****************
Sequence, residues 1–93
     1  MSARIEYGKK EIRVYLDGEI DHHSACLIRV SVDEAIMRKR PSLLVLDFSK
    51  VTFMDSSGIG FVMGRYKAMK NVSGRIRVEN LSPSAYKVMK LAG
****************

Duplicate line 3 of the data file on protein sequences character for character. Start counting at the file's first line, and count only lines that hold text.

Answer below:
    51  VTFMDSSGIG FVMGRYKAMK NVSGRIRVEN LSPSAYKVMK LAG